LabelVision Classic: Technical Notes

Using the MOD Utilities
This technical note explains how to calculate and use the various Mod utilities (MOD10, MOD43 etc.) to produce check digits and link characters required by a variety of bar code specifications. Although each Mod utility calculates a different type of check digit, they all work in a similar manner. In this note, we will refer to the Mod utility with the name MODnn, where nn is the check digit being calculated. For example, the MOD10 utility calculates a Mod 10 check digit. The purpose of this note is to explain how to use any of the MODnn utilities in your application. In this note, we will use the MOD10.EXE as an example. Your application may use a different MODnn utility, and vary slightly in how it is used.

Before using the MODnn utility, you should copy the file MODnn.EXE to your LabelVision directory.

The MOD utilities come with a help screen, accessed by typing, for example, "MOD10 /?" at the DOS command line.

The MODnn utility is a DOS program. When it is called on the DOS command line, it has the following parameters and options:

MODnn [/F] [/O filename] argument1 [argument2...]

By default, it outputs the MODnn check digit for all numbers in all arguments to the screen.

If you specify the /F option, then it concatenates all its arguments, adds a MODnn check digit based on all digits in the arguments, and outputs the resultant string. If you wish to include spaces in the result, you must put each argument in quotes and put the spaces inside the quotes.

If you specify /O and a file name, the result is output to the given file instead of the screen.

Examples (blue text is output by the program):

MOD10 100 10900 00018

MOD10 /F 100 10900 00018

MOD10 /F "100" " " "10900" " " "00018" " "
100 10900 00018 2

MOD10 /F /O MYFILE.TXT "100" " " "10900" " " "00018" " "

Nothing is output to the screen. The file MYFILE.TXT has the following data:
100 10900 00018 2

To use a MODnn utility in your labeling application, follow these general steps:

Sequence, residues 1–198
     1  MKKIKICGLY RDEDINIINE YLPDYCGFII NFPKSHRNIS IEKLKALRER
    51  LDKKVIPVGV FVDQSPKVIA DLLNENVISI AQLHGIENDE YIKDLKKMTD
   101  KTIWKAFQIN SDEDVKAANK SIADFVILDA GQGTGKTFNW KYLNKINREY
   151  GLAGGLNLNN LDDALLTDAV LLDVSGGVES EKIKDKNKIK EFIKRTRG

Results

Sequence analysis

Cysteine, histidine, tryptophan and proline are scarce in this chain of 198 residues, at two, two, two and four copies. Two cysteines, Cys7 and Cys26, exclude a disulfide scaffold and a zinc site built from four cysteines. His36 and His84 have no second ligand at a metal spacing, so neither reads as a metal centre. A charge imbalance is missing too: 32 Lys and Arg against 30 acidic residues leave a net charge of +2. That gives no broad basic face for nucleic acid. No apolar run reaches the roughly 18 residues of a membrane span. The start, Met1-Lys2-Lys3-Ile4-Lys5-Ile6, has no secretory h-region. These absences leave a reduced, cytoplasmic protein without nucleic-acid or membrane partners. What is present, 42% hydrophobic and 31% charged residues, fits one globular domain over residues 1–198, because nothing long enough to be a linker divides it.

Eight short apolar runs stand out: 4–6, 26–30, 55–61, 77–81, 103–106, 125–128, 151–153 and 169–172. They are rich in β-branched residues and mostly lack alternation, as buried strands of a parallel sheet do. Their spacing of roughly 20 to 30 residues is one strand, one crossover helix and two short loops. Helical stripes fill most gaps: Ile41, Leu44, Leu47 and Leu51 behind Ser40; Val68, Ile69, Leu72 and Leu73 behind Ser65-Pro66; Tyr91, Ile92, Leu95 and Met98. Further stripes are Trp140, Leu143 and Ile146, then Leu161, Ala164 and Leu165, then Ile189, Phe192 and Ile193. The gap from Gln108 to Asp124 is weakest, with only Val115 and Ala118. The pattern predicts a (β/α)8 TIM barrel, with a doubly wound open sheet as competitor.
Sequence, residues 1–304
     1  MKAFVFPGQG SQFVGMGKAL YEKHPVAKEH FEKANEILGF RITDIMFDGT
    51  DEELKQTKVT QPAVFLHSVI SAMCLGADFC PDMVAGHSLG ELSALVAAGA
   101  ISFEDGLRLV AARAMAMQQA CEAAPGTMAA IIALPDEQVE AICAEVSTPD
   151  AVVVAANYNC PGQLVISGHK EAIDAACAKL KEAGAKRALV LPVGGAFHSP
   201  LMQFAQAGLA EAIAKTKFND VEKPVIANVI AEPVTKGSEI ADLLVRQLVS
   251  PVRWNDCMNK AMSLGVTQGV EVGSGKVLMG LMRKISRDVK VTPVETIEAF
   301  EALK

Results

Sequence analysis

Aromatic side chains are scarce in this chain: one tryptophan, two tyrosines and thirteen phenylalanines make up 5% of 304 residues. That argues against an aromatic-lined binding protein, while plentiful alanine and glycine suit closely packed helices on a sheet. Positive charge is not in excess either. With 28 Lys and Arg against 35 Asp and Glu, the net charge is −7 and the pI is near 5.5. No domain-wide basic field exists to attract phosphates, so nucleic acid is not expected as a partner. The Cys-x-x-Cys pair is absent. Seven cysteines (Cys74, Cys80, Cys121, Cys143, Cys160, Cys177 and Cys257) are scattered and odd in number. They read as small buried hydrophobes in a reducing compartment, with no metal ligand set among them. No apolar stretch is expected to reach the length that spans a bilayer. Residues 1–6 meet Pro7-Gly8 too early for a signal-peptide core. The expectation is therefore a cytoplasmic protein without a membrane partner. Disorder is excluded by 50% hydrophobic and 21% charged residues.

Use the appropriate Application Items (INPUT FROM OPERATOR, TEXT FILE INPUT etc.) to get the data required to calculate the check digit.

After the above items, add an item to your application to RUN A DOS PROGRAM that will call the MODnn utility with the above parameters, and redirect it's output to a text file by adding "/O FILENAME.TXT" as the first argument to the MODnn command. The check digit will be output to this file.

Add the above text file to your application as a SINGLE RECORD Text file. Add a single field to this text file. This single field is the desired check digit.

The remainder of this document describes, in detail, how to use the MOD10 in a sample application.

Assume that we wish to have an application which outputs a typical Interleaved 2 of 5 shipping container code which consists of a three digit packaging / number system indicator, a 5 digit manufacturing number and a 5 digit item number. A typical label appears below:

bar code

100 10900 00018 2

Assume that you draw the above label. You should create four input fields: "Package System", "Manufacturer", "Item Number", and "Checksum". Draw an Interleaved 2 of 5 bar code, but do not mark the "Check character" option, since it will be calculated explicitly. The expression for this bar code is shown below:

Package System+Manufacturer+Item Number+Checksum

Add a text field below the bar code and box, with the desired font. Its expression should include spaces between the fields, and is shown below

Package System+" "+Manufacturer+" "+Item Number+" "+Checksum

Next, set up an application (in LabelVision Professional) for this label, which contains the following items:

  1. The database, text file or user input from where you get the first three field values.
  2. A "Run a DOS Program" item. Check the Put quotes around arguments option. Add the following fields (in order)
    1. The constant "MOD10" under Program Name.
    2. The constant "/O CHECK.TXT" as the first argument.
    3. The field "Package System" from your input source as the second argument.
    4. The field "Manufacturer" from your input source as the third argument.
    5. The field "Item Number" from your input source as the last argument.
  3. A "Text File Input" item. Select the Single Record per file option. Enter the file name "CHECK.TXT". Add one field, with the data type String. Call this field "Checksum".
  4. The label file you designed. If you have named your fields correctly, auto-assigning the fields will result in a correct application which prints the desired label.

    Normally, when the Print Program calls a DOS program, it "swaps" itself out of DOS memory (either to disk or to EMS memory), which frees up all but about 5K of DOS memory for the DOS program. This swapping is necessary when calling any DOS program that requires more than about 50K or so of memory.

    This swapping does take time. Applications which run a small DOS program will run faster if you disable swapping. The time savings is especially significant if your application repeatedly runs the DOS program..

    To disable swapping, specify the /X NOSWAP option on the command line when you call the print program. If you access your application from a LabelVision menu, simply add "/X NOSWAP" to the beginning of the "Options" box in the Menu Editor's "Define Action" dialog box.

    If you start your application from a DOS batch file, add "/X NOSWAP" to the LPRINT command line. The final line will be something like that shown below:

    LPRINT /X NOSWAP /L myapp

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